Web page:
What Exactly Did the Sun Belt Sign?

During the football media days the Sun Belt office announced three secondary bowl tie-ins for the 2008 season. Why were these tie-ins not honored?

On July 22, 2008 the Sun Belt Conference announced a secondary tie-in to three different bowls. Here's the excerpt from the press release: "The Sun Belt Conference announced Tuesday that it has signed agreements with the St. Petersburg Bowl, the Papajohns.com Bowl and the PetroSun Independence Bowl. The announcement came at the Sun Belt's annual Football Media Days.

The agreements, which are effective immediately and will impact the 2008 and 2009 bowl games, call for bowl-eligible teams from the Sun Belt Conference to be the first available teams in these bowls should the contracted parties not be able to fulfill their requirements."

Although many at the time questioned this move, it appeared to be a good stop-gap measure until bowl tie-ins are renegotiated in a couple of years. As the season played out this move looked exceptionally genius as if became evident that some of the conferences tied in to these bowls would not be able to fulfill their obligations.

The member institutions and fans of the Sun Belt were led to believe that if their respective university reached the 6 win mark there was a very good chance that university would be in a bowl game. The first error in the release was using the word "bowl-eligible". "Bowl-eligible" is used to describe a team that has a .500 record or better. You see, the NCAA has a rule in place that states (paraphrase) 7 win teams must be selected to a bowl game before 6 win teams unless the 6 win team is from a conference that has a bowl-in. Many Sun Belt fans will recall this is the same rule that allowed Middle Tennessee to play in the Motor City Bowl in 2006.

Based on the wording in the press release one could only think that being a "secondary" conference would carry the same weight as a "primary" conference when it came to bowl selection. If the "primary" conference could not fill the bowl slot then it appeared that a 6 win Sun Belt team could be selected over a 7 win team due to a "secondary" tie-in. If you had that line of thinking, you were wrong.

One could look at the press release and mark that misconception to poor wording. Maybe the press release should have said "call for bowl-eligible 7 win teams from the Sun Belt Conference to be the first available teams in these bowls should the contracted parties not be able to fulfill their requirements."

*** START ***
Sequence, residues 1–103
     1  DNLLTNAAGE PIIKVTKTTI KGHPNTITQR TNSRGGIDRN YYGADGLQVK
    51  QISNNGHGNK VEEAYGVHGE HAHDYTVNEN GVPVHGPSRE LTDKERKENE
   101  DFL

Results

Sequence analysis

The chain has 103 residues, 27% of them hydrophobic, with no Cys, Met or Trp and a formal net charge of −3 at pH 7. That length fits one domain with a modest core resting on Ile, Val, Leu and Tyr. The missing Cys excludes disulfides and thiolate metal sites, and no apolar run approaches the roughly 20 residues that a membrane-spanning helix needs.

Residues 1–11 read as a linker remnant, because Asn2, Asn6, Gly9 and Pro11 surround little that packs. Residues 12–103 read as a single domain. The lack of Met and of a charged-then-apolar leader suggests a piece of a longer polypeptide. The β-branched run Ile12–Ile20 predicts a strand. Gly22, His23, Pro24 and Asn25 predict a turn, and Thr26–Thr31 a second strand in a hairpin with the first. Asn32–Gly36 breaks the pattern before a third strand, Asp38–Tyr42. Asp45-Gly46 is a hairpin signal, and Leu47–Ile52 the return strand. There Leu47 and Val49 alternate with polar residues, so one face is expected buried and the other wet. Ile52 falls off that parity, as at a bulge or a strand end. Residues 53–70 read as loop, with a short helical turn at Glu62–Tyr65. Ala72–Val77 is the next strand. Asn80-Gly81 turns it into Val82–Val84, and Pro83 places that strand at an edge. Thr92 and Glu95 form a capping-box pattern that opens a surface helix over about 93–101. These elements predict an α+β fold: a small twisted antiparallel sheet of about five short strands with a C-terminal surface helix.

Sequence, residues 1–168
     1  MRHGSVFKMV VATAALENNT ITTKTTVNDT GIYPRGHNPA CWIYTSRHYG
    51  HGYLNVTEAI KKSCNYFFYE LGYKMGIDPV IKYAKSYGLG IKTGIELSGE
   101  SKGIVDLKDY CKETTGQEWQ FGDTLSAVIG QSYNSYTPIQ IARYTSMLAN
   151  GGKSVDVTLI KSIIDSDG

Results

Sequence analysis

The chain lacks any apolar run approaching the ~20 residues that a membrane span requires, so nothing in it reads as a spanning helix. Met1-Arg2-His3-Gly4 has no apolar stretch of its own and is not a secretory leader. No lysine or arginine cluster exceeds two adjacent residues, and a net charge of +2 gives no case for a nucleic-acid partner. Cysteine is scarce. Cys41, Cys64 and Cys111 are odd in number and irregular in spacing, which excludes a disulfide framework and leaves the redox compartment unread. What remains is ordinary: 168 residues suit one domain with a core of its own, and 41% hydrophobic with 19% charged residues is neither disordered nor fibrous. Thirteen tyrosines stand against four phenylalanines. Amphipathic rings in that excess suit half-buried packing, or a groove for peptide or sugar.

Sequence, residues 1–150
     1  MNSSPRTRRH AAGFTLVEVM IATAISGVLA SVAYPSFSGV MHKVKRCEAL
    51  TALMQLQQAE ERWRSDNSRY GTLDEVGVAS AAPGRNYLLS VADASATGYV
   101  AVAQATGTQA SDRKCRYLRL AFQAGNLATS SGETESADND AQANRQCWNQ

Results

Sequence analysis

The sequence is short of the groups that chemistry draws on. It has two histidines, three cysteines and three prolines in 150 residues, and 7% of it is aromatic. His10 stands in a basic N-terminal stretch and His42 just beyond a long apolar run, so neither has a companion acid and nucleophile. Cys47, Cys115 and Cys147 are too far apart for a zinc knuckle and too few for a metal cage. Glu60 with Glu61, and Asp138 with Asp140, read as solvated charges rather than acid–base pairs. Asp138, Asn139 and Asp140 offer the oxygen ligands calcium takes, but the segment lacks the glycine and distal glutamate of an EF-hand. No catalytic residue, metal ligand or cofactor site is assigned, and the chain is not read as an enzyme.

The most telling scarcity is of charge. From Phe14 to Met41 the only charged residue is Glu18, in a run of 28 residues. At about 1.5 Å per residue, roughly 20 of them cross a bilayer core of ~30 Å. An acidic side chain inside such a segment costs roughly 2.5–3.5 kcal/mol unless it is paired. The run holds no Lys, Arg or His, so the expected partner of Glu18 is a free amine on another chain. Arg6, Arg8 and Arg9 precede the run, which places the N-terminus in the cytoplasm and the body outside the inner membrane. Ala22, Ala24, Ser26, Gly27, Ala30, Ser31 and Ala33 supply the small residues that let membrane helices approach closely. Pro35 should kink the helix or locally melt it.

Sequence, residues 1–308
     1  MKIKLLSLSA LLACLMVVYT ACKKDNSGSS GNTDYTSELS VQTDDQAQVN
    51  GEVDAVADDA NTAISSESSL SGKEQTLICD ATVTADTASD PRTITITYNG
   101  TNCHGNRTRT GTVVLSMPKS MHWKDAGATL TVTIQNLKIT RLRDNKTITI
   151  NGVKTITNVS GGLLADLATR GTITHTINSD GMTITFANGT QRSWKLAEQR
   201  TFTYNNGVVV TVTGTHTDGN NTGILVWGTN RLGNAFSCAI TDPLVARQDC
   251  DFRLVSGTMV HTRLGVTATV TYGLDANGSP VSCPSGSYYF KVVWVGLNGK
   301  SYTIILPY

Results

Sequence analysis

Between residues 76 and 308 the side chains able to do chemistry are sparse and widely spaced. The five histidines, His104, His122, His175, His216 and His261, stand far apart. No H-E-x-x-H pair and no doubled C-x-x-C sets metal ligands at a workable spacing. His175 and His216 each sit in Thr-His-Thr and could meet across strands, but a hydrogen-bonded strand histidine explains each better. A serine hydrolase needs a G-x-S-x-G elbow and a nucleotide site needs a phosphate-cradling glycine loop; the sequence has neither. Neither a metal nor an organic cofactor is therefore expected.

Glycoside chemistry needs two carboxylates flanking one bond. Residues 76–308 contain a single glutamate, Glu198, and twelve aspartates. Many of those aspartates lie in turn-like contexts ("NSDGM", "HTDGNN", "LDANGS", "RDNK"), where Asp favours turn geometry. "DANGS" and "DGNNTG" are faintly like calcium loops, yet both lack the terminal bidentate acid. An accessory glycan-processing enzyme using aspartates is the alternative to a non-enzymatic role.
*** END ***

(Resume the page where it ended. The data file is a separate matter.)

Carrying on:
The good news is any 6 win Sun Belt team would be selected to these bowls over any other 6 win team provided that 6 win team was not in a conference that had a primary tie-in with these bowls. Well, hold up a minute. That's not the way it works either. These bowls chose other 6-6 teams instead of Arkansas State and Louisiana-Lafayette. How did that happen?

In the days leading up to the bowl selections, the director of the PapaJohn's.com Bowl stated he had no knowledge of a Sun Belt tie-in for a 6 win Sun Belt team. During this same period of time the NCAA decided to review these contracts.

One has to question, was there ever a contract between these 3 bowls and the Sun Belt? If so, why were they written in such a way that they are meaningless? Wright Waters, the commissioner of the Sun Belt, was touting these tie-ins as the next step in the growth of the Sun Belt. Now we find out they were meaningless. What happened? Was Waters negligent in his execution of these contracts? Did the NCAA put pressure on the Sun Belt to back off? Was there ever an agreement? If there was an agreement, does this same (non)agreement stand in place for the 2009 season as well?

One thing is sure. The Sun Belt member institutions, players, coaches, and fans were sold one story only to find out it was all one big lie. Someone needs to be held accountable and we all deserve answers. If you are looking for answers in the form of a Sun Belt Conference press release, you might want to double-check the wording in the release.

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